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Corruption Costs Jobs 

Louisiana must pull itself up by its own bootstraps – and be squeaky clean for at least 10 years – to change its image.

Gov. Kathleen Blanco will lead a trade mission next month to the Pacific Rim countries of Japan, China and South Korea. Meanwhile, New Orleans Mayor Ray Nagin and Congressman William Jefferson returned over the weekend from a one-week trade trip to Brazil with local business leaders, as well as federal, state and city officials. Louisiana ranks seventh among U.S. states exporting goods to Brazil, says Jefferson, who led a similar mission there in 2002. New trade opportunities cannot come soon enough for jobs-starved Louisiana. "We are continuing to capitalize on New Orleans' natural strengths by expanding into international markets," Nagin said just before leaving for Brazil on Aug. 6.

Unfortunately, Louisiana's notorious "weakness" in the economic development arena -- a decades-old reputation for widespread public corruption -- continues to undercut our efforts in competitive markets. Recent federal corruption investigations only reinforce that image.

Congressman Jefferson, for example, now finds himself at the center of the most sensational federal probe of a Louisiana official since former Gov. Edwin Edwards was convicted of corruption charges in 2000. Days before Jefferson left for Brazil, FBI agents in New Orleans and Washington executed search warrants on his vehicle, residences and offices. The focus of the investigation is not yet clear. Jefferson is entitled to the presumption of innocence and his day in court, if it comes to that.

The Jefferson raids coincide with, but are apparently unrelated to, the recent federal corruption conviction of the congressman's brother-in-law, Judge Alan Green of Jefferson Parish. Green's conviction capped a six-year federal investigation of the parish courthouse that sent others to prison, including former Judge Ronald Bodenheimer.

In New Orleans, ongoing federal investigations of city government have shone a spotlight on family members and associates of former Mayor Marc Morial. Morial's uncle Glenn Haydel, a former manager of the Regional Transit Authority, is accused of diverting $550,000 in RTA funds into his personal accounts. Haydel denies any wrongdoing.

In another federal case, 10 people have been charged in an alleged scheme to skim hundreds of thousands of dollars from an $81 million energy management contract that Morial signed with Johnson Controls of Milwaukee while in office. Among the indicted are Morial associates Stan "Pampy" Barre, a restaurateur, and Kerry DeCay, who served as Morial's property management director.

As of this writing, the feds have taken no action against Morial's brother, Jacques Morial, since crashing through his front door with a battering ram more than a year ago. Jacques Morial, who assumed the chair of the LIFE political organization from his brother late last year, has not been accused of any wrongdoing. The former mayor, now national president of the National Urban League, has declined comment on the ongoing investigations, which also include the Orleans Parish School Board and Traffic Court.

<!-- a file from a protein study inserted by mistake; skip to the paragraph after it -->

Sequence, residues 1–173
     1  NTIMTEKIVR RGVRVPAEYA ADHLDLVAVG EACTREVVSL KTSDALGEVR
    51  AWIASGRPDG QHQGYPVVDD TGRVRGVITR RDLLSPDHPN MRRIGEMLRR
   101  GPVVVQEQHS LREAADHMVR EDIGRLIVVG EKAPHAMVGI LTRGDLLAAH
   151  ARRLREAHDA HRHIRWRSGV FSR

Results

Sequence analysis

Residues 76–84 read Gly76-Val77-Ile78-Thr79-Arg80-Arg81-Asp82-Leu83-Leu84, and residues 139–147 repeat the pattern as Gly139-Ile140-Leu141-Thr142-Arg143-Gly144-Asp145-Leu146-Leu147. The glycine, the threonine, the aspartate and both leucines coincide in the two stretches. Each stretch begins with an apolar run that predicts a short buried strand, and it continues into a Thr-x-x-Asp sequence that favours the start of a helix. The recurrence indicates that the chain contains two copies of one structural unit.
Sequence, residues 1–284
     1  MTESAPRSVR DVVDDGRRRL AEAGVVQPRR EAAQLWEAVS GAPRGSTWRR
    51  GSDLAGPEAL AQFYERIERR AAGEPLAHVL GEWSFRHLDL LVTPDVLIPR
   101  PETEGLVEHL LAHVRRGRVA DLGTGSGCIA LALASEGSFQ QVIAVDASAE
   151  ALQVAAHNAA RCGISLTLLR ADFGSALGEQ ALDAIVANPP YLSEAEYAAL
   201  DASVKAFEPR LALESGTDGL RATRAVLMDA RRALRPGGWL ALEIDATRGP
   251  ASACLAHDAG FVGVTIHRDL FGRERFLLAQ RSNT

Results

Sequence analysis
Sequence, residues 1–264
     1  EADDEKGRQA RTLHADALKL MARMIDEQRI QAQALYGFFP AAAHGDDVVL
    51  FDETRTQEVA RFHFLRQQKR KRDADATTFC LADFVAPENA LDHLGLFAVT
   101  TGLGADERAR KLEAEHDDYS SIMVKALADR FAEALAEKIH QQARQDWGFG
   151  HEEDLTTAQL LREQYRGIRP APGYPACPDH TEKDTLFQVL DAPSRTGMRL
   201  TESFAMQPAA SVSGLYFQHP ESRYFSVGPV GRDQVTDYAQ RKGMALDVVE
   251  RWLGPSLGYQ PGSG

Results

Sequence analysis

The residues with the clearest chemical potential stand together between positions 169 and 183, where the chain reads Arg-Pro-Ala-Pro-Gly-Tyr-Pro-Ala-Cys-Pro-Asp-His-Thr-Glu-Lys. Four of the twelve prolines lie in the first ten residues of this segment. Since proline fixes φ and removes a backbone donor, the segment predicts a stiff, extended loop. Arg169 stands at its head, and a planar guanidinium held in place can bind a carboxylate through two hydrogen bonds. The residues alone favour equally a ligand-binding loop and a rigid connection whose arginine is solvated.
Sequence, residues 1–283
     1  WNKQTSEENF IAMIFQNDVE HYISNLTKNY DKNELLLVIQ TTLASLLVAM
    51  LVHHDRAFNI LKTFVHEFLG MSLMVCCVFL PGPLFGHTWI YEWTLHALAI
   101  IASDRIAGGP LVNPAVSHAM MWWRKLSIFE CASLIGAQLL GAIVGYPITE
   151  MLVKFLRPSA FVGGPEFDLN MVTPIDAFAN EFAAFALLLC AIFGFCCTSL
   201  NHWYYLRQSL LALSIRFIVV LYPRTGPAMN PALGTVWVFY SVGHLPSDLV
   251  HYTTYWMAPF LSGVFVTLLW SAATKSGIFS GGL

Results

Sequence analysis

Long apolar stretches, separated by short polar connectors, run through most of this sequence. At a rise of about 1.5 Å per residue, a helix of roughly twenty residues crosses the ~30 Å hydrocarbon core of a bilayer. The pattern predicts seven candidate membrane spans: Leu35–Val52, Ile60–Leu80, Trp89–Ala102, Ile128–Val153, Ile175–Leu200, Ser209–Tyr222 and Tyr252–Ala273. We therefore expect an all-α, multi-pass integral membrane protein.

Local U.S. Attorney Jim Letten says the investigations are far from over. And New Orleans is not alone. U.S. Attorney David Dugas of Baton Rouge says a probe of corruption in Livingston Parish has led to the federal prosecution of the parish president and a guilty plea by a parish councilman.

In an apparently unrelated case, both Dugas and Letten are prosecuting media consultant Ray Reggie on bank fraud charges. Reggie reportedly is cooperating with federal investigators in a political corruption probe of top Democratic Party officials.

The FBI says Louisiana last year ranked third in the nation in public corruption cases. Since the FBI sent in extra agents last October, Louisiana is one of only five FBI jurisdictions with two public corruption squads. The feds also hope to establish a presence in North Louisiana in the future. Visit the "inmate locater" link of the federal Bureau of Prisons Web site (www.bop.gov), and you can find former Louisiana officials dating to 1982 -- blacks and whites, Republicans and Democrats, from across the state.

All of these developments -- old as well as recent -- give our state the image of a Third World country where bribes and kickbacks grease the wheels of government for a select few. It's not just an image problem; it is rooted in reality. Louisiana traditionally ranks among the most corrupt states in the nation, according to a 2004 report by the Corporate Crime Reporter for the National Press Club.

Our dubious reputation extends overseas, too. For example, the Japanese relocated much of their business from New Orleans to Houston long ago, citing Louisiana corruption as a factor, according to Benjamin Wren, a professor of Japanese history at Loyola University.

Cleaning up our image starts with cleaning up our act. It's encouraging that the feds are leading the charge on that front. But the truth is Louisiana must pull itself up by its own bootstraps -- and be squeaky clean for at least 10 years -- to change its image. We can start by recognizing that our image of corruption costs us jobs. If we don't change things, we will continue to get what we deserve -- corruption, cronyism and a lousy economy.

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